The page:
Welcome Marisa Sanchez, PhD to the Connector Blog. Marisa and I “met” at the recent Maryland Nonprofit conference. As a change management consultant, Marisa brings her expertise to outline some next steps once you have committed or recommitted to “Grow Your Organization’s Knowledge Sharing Culture.”
How do we start to build a knowledge sharing culture?
The first step is to connect to your organization’s mission and strategy because everyone in the organization needs to be clear about WHY knowledge sharing is important. How will a knowledge sharing culture facilitate achievement of your mission and your strategic goals?
Second, connect to your organization’s values. How does knowledge sharing align with the organization’s existing values? Or how might knowledge sharing help the organization adopt new values that are important to its future success?
What are some practices organizations need to adopt to build a knowledge sharing culture?
Culture can colloquially be described as “the way we do things around here.” So organizations need to build knowledge sharing into their everyday practices, such as how the organization communicates and shares information, solves problems, and makes decisions. Unless you intentionally design these practices to incorporate knowledge sharing mindsets and processes, you’ll just be bolting on knowledge sharing rather than embedding it into the way the organization does its work.
You also need to examine the structural boundaries in your organization and understand how those boundaries might be obstacles to knowledge sharing. To facilitate critical knowledge sharing between different parts of the organization, it may be necessary to restructure those parts of the organization to eliminate boundaries. Or you might introduce other structures, such as communities of practice, that support knowledge sharing. Collaboration tools, such as Slack and MS Teams, are also structures that can be introduced to support knowledge sharing across organization boundaries.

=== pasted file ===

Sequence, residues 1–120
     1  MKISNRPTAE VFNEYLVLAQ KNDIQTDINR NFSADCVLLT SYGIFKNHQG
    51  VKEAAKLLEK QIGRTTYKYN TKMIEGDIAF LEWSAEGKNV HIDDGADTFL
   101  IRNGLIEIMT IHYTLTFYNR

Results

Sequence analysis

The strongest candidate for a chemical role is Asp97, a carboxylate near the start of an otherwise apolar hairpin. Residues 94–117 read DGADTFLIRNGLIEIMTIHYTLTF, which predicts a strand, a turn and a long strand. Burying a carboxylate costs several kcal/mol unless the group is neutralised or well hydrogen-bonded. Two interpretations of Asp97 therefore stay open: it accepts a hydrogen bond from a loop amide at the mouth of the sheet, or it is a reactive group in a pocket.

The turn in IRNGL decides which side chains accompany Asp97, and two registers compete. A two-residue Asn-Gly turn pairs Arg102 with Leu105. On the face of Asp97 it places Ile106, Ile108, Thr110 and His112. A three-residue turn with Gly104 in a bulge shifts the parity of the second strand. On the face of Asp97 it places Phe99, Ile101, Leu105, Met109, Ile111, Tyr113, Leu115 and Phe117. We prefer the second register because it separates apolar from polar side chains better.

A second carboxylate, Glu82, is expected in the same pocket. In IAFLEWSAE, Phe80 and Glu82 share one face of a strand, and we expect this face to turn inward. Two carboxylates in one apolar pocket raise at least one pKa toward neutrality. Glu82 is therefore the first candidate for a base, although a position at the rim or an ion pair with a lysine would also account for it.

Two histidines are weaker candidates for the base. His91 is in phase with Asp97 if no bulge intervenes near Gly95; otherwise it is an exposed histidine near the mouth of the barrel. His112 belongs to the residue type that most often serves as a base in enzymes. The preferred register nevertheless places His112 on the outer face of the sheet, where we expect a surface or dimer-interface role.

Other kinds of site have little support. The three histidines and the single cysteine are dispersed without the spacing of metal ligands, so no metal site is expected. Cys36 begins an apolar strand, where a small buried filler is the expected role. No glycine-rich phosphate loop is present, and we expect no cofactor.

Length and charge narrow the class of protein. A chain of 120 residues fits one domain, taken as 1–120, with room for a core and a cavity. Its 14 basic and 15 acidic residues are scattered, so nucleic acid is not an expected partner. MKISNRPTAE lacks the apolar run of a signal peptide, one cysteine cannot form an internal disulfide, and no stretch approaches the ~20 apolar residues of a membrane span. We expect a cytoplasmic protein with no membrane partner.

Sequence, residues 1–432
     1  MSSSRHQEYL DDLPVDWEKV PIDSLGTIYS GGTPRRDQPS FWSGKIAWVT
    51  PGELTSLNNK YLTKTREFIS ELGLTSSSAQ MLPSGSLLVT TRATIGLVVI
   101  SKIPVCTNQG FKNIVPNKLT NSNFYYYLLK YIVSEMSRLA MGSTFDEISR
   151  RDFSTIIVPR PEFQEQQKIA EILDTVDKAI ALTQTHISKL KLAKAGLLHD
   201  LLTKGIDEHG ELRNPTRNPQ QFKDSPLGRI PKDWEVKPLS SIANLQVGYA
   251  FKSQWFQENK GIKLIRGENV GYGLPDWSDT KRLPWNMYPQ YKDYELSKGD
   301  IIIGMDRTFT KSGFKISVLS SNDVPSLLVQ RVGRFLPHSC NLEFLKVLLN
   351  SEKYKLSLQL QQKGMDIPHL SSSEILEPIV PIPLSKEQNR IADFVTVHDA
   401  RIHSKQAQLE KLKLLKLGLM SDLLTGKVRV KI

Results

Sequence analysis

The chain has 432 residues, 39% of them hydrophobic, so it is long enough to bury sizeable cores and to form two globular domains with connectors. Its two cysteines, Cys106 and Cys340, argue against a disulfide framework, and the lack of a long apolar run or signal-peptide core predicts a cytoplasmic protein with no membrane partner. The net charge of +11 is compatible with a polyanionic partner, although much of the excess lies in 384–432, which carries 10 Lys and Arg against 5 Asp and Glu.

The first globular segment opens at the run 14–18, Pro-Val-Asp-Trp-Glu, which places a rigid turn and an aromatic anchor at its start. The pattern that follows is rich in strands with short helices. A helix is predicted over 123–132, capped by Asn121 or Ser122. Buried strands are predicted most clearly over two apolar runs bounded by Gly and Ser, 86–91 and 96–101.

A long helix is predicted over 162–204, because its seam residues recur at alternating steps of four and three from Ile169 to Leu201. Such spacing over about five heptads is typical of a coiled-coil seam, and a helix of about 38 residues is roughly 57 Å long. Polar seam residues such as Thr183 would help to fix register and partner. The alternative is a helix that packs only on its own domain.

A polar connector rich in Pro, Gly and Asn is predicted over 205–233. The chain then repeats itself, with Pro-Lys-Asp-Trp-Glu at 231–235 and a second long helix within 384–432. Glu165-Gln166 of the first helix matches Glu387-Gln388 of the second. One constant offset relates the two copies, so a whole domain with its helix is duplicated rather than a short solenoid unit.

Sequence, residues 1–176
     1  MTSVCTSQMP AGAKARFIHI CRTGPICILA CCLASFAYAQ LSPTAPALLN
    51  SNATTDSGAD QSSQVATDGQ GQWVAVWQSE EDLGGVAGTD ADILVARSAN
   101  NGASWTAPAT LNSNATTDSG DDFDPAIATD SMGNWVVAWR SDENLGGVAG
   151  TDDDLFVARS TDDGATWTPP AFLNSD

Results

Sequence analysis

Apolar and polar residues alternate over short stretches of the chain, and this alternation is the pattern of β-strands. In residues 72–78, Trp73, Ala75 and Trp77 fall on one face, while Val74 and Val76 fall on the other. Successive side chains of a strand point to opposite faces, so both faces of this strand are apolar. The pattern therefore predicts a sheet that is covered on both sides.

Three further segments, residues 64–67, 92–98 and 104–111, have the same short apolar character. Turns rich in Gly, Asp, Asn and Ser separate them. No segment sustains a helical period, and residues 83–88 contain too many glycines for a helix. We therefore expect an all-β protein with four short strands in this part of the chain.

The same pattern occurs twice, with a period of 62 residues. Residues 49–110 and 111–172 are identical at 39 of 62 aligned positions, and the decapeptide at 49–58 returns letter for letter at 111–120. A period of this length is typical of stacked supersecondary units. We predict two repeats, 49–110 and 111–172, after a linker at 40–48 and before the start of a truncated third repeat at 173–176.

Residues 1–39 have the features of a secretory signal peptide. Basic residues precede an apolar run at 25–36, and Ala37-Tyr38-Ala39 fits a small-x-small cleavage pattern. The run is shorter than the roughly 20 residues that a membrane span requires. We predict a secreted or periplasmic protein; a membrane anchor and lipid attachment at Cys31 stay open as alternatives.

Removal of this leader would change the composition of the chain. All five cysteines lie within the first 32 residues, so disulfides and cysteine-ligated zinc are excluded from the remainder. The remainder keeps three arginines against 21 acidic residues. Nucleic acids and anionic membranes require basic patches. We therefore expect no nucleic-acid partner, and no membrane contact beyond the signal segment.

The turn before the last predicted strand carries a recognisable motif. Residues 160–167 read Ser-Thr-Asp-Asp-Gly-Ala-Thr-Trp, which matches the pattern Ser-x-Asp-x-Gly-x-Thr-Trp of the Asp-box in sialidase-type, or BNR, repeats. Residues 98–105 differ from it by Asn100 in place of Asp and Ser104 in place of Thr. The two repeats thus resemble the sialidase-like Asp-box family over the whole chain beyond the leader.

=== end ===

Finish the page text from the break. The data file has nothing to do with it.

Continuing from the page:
How do you maintain a culture of knowledge sharing over time?
Peter Drucker said “what gets measured gets done.” Part of the work to transform to a knowledge sharing culture is to measure that the organization is progressing in sharing knowledge. You also want to reinforce knowledge sharing in performance management processes, including knowledge sharing in performance expectations and rewards.
A great way to promote a new culture is to highlight those individuals or groups within the organization who exemplify that culture. Tell stories about how people in the organization are sharing knowledge and how the organization is benefitting from that sharing. Include these stories in your organization’s town halls, intranet site, or other broad communication vehicles so all employees are inspired from these examples of new ways of working.
Any last recommendations on building a knowledge-sharing culture?
We know from applied psychology and social sciences that people are more likely to adopt change when those people are a part of designing that change. Engage a diverse group of people across the organization in this process of connecting knowledge sharing to mission and values, designing communications and problem solving and decision-making practices to promote knowledge sharing, selecting and piloting knowledge sharing tools, and modifying the performance management processes to reinforce a knowledge sharing culture.
When large parts of the organization are engaged in defining and creating a knowledge sharing culture, the organization will more readily incorporate knowledge sharing as a normal part of the way it does its work.
Marisa Sanchez, PhD brings over 25 years of experience in organization development and change management. Her consulting approach uniquely focuses on achieving results by integrating deep knowledge and expertise in organization development, project management, and business strategy. Dr. Sanchez consults to executives and senior managers, project managers, and information technologists who appreciate her results-focused approach. Areas of focus include strategic planning and execution, change leadership, culture transformation, organization design, leadership team coaching, and facilitation. She served as Chair of the Board of Trustees for the Organization Development Network, and has presented at the Organization Development Network, Society for Human Resource Management, SEI Architecture User Network Conference, Socio-Economic Approach to Management International Conference, and Maryland Nonprofit Conference.